Assessing readiness of ECDs to reopen

Centre for Early Childhood Development staff, clockwise from top, Gloria van Rensburg, Thembisa Nkohla, Aziza Peters, Professor Eric Atmore, Boniswa Gquma-Lisa and Nontembiso Leve.

Continuing confusion over when nursery schools and creches can reopen threatens both their future and that of the children who attend them, says an early childhood development expert.

Professor Eric Atmore, the director of the Centre for Early Childhood Development (CECD), which provides services and programmes countrywide, says hundreds of ECDs will struggle to stay open after being shuttered for three months of Covid-19 lockdown.

And he believes many children are more at risk from the continued closure of the ECDs than they are from Covid-19.

“Children depend on ECDs to get a nutritious meal, and children who live in at-risk communities may face child neglect and become victims to violence which has occurred recently.”

ECDs should also be reopened because parents needed to work, he said.

“Now, with nearly 95% of the workforce returning, parents want to know that their children are safe.”

Professor Atmore said reopening the ECDs should pose no problem as long as they followed Covid-19 health regulations, including regular sanitising, physical distancing and the wearing of masks.

On Monday Social Development Minister Lindiwe Zulu urged operators of ECD centres and partial care facilities across the country to complete an online self-assessment exercise before reopening.

The Department of Social Development said this is critical in determining the sector’s state of readiness to reopen amid the coronavirus pandemic.

Provincial departments are currently verifying submitted information to determine the state of readiness for the reopening of ECD programmes and/or partial care facilities, which provide an afterschool service.

To date, more than 6 700 ECD programmes and/or partial care facilities have completed this self-assessment exercise online, in addition to those who have made manual submissions to the provincial departments.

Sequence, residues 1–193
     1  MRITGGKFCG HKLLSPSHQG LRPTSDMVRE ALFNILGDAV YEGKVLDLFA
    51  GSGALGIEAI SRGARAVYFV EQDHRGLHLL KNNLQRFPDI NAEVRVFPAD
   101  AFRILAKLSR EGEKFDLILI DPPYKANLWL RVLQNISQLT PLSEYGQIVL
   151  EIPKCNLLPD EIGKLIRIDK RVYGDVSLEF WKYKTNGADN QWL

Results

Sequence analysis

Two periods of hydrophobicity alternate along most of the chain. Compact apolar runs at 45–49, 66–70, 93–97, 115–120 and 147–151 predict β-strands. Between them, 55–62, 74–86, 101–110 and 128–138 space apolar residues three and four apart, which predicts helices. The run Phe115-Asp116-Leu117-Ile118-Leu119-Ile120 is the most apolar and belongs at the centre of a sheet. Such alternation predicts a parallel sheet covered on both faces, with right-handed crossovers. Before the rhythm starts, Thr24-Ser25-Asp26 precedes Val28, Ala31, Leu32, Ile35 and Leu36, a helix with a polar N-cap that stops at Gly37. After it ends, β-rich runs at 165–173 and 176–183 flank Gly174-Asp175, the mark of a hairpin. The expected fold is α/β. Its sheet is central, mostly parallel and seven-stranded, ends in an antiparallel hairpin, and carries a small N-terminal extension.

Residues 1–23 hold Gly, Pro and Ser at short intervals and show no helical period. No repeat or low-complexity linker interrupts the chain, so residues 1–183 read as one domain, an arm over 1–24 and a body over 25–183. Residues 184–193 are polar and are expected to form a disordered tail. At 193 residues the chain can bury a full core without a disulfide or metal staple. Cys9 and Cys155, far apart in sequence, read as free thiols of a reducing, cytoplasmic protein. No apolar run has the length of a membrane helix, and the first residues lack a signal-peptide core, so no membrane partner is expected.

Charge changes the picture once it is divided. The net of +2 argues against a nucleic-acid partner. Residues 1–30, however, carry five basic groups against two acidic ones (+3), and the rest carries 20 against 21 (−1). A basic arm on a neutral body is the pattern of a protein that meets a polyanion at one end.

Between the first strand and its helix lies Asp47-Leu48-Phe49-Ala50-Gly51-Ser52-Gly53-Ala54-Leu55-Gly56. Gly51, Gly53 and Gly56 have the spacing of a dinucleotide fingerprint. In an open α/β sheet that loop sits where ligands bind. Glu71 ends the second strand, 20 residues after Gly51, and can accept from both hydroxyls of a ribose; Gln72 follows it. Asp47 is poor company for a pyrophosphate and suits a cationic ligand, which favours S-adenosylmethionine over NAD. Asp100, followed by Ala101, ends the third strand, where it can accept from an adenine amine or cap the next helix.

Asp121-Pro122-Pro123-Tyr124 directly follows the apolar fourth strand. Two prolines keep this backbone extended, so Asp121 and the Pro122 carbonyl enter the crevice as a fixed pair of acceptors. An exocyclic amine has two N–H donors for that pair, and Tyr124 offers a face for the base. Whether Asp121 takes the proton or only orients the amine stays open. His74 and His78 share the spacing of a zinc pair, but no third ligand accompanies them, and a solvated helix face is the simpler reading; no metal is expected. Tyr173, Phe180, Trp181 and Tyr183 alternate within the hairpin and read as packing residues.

More than 51% of the online completions are from programmes that are registered or conditionally registered, as required in terms of the Children’s Act; whereas about 20% of completions are from those that have applied for registration.

The online self-assessment forms, which are accessible on the department’s website, were developed in consultation with the sector. The forms are also available at local Social Development offices and service points within which ECD centres or partial care facilities operate.

“As we prepare to reopen the sector, which we will announce in due course through directives, as per the requirements of the Disaster Management Act, it is critical that we ensure we have taken all necessary precautionary and control measures to uphold the best interest of our children,” said Ms Zulu.

“The self-assessment is critical in assisting the department to assess the sector’s Covid–19 response plan and the state of readiness. We know the important role that the sector plays in our country’s child protection system and its contribution to children’s emotional and cognitive development,” added Ms Zulu.

Upon submission of the self-assessment, the department will verify the information to determine the centre’s state of readiness.The verification process will include site visits to assess compliance with the minimum health, safety and social distancing measures, among others.

The department said the purpose of the self-assessment is to determine whether the ECD centres and partial care facilities meet the minimum requirements under the Disaster Management Act regulations

It also emphasised that no child may return to an early childhood development programme or partial care facility until such time that the minister has pronounced in the Government Gazette the date(s) and conditions of reopening.

It said to this effect, Ms Zulu will publish the directives pertaining the reopening of early childhood development programmes and partial care facilities after she has taken into consideration all requirements to address, prevent and combat the spread of Covid-19.

The CECD wants government to give R20 000 to all registered ECDs to help them get ready for reopening.

Professor Atmore says unregistered ECDs should get the same support as registered ones, because they were often in poor communities serving the neediest children.

Ananda Nel, from the provincial Department of Social Development, said they had continued to fund the ECDs they had supported prior to lockdown.

“The national Department of Social Development has issued a circular regarding preparation for the reopening of ECDs and after- school care facilities and programmes, as well as standard operating procedures and guidelines that provide measures to address, prevent and combat the spread of Covid- 19 within this space,” she said.

The provincial department, she said, was still reassessing the readiness of the ECDs to reopen, but it was up to Ms Zulu to say when that would happen.

Meanwhile, the CECD is trying to raise R2.4 million to buy personal protective equipment (PPE) for 600 ECDs.

To support the campaign, follow #PPEforECD on Facebook and Twitter or email CECD programme manager, Bridget Kahts, at bkahts@cecd.org.za